As World AIDS Day fast approaches, now is a good time for us to pause and reflect what has been accomplished in 2007, what we've learned, and what still needs to be done.
Infant mortality is high in Haiti, needlessly so. According to the CIA Factbook, Haiti has the 38th highest infant mortality rate of 221 countries. Number 37 is the DRC! Clearly, more needs to be done to protect the health of children...the most vulnerable members of a vulnerable country.
I played too many video games as a child. This was before the age of the X-Box, Playstation, or the Wii. My first system was a VIC 20 and then a Commodore 64. Clearly, I am dating myself! Like most kids, I didnt know anything about international development or humanitarian issues. But video games might have been a good way to raise my awareness and get me thinking.
Auctions can be an excellent way for small organizations to raise seed money with which to start pilot programs. Sometimes these new programs will work, and can be expanded. Other times, the decision will be made to discontinue but it will still have been an important learning experience for the organization.
July Stand-by, August a Must, September Remember and October…OVER? Not in Haiti and certainly not now. In recent years the 10th and 11th months in Haiti are this educational weather ditty’s August, October and November a Must. As the rains have rearranged this hurricane jingle they have also rearranged Haiti’s rivers to destroy homes and lives, numerous Haitians are now living in temporary shelters.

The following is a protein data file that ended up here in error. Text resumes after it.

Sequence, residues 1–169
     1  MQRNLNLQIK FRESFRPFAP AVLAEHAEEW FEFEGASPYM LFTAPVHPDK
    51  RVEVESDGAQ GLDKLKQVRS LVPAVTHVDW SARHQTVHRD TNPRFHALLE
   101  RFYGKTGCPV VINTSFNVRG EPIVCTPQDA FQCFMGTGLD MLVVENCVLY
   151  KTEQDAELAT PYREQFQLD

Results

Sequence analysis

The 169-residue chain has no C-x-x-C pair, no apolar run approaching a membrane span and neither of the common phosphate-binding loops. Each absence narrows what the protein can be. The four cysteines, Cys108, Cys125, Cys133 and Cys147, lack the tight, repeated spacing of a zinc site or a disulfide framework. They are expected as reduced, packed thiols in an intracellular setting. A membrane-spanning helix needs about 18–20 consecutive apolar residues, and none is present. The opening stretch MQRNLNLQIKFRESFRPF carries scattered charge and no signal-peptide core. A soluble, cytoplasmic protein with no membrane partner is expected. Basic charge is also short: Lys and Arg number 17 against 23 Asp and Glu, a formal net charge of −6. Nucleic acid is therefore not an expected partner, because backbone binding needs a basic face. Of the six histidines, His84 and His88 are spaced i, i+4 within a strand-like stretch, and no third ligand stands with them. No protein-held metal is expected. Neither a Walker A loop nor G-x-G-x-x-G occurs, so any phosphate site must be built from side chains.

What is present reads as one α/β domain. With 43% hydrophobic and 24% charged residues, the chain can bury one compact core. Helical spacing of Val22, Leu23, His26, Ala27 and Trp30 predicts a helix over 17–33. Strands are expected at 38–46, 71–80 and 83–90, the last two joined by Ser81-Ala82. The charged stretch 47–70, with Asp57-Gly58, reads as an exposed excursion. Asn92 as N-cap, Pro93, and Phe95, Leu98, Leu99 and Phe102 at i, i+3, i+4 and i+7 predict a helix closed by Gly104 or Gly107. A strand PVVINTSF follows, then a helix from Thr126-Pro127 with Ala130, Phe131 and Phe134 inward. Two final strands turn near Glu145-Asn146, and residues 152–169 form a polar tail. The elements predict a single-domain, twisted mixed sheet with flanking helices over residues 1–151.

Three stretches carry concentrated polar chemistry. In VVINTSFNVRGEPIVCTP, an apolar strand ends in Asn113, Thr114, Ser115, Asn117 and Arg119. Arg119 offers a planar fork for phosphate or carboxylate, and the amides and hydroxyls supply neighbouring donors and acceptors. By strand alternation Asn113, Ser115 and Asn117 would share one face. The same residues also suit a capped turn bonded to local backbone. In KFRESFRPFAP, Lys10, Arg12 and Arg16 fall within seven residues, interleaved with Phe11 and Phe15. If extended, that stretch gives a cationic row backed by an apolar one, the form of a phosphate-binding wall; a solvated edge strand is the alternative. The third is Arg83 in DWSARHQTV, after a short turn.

MINUSTAH got off to a bad start. Initially, the force was content to sit back and guard government buildings while Port au Prince became increasingly unstable. The rationale was that they were there to keep the peace, not to be the national police.
We often write about the importance of education....for empowerment, for health, for business, for the environment, or in short, for change. Education is complementary, if not neccesary for success in all other sectors. Sadly, education is often neglected.
A few months ago, perhaps in August, I received an email in my inbox that was interesting enough not to delete but not enticing to read immediately. So it sat in my inbox until about a week ago. It was a link to an online game called Haiti The Cost of Life hosted on UNICEF’s website.
Below is an article I was reading in the International Herald Tribune entitled, "Haiti's Usually Raucous Day of the Dead Solemn After Flood Deaths". I was struck by a quote by Dessaville Espady who said "Each of these trees is a life spirit. The more trees we cut, the more we suffer"
Members of the Haiti Innovation Community are by now no doubt familiar with the organization Partners in Health and the pionerring work their team has done in Haiti bringing community based health care to the lowest possible resource settings, and in particular, developing novel new approaches to treating both HIV/AIDS and Tuberculosis.